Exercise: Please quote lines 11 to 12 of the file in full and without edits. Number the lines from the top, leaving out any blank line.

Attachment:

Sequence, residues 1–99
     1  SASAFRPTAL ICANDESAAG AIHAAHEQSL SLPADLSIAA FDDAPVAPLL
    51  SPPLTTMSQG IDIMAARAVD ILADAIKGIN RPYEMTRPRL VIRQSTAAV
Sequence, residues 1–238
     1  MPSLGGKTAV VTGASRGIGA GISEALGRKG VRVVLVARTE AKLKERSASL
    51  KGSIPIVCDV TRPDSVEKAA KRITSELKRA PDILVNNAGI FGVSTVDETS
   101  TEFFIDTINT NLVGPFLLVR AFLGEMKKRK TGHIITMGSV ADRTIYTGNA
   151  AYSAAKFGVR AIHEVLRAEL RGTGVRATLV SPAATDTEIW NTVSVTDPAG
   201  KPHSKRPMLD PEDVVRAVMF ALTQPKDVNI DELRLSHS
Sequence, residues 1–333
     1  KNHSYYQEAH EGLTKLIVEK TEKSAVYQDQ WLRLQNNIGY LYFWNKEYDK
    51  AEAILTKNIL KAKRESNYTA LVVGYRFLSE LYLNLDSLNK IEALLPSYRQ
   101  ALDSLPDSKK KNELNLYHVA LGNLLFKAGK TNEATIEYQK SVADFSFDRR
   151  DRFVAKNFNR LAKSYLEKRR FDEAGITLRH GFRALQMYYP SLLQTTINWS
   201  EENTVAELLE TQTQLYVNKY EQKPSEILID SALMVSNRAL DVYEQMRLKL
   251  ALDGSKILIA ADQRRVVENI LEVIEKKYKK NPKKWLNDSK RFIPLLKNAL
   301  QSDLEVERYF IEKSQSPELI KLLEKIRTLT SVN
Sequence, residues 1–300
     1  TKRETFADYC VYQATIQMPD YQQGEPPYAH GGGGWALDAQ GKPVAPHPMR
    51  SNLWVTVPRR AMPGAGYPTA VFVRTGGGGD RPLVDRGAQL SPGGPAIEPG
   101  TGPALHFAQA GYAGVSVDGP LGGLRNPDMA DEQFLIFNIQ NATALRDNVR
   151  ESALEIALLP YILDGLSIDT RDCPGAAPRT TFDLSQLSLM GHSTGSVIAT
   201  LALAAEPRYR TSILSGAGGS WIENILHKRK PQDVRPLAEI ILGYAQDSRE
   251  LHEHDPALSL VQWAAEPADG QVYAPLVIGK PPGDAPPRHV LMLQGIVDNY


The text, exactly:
     1  KNHSYYQEAH EGLTKLIVEK TEKSAVYQDQ WLRLQNNIGY LYFWNKEYDK
    51  AEAILTKNIL KAKRESNYTA LVVGYRFLSE LYLNLDSLNK IEALLPSYRQ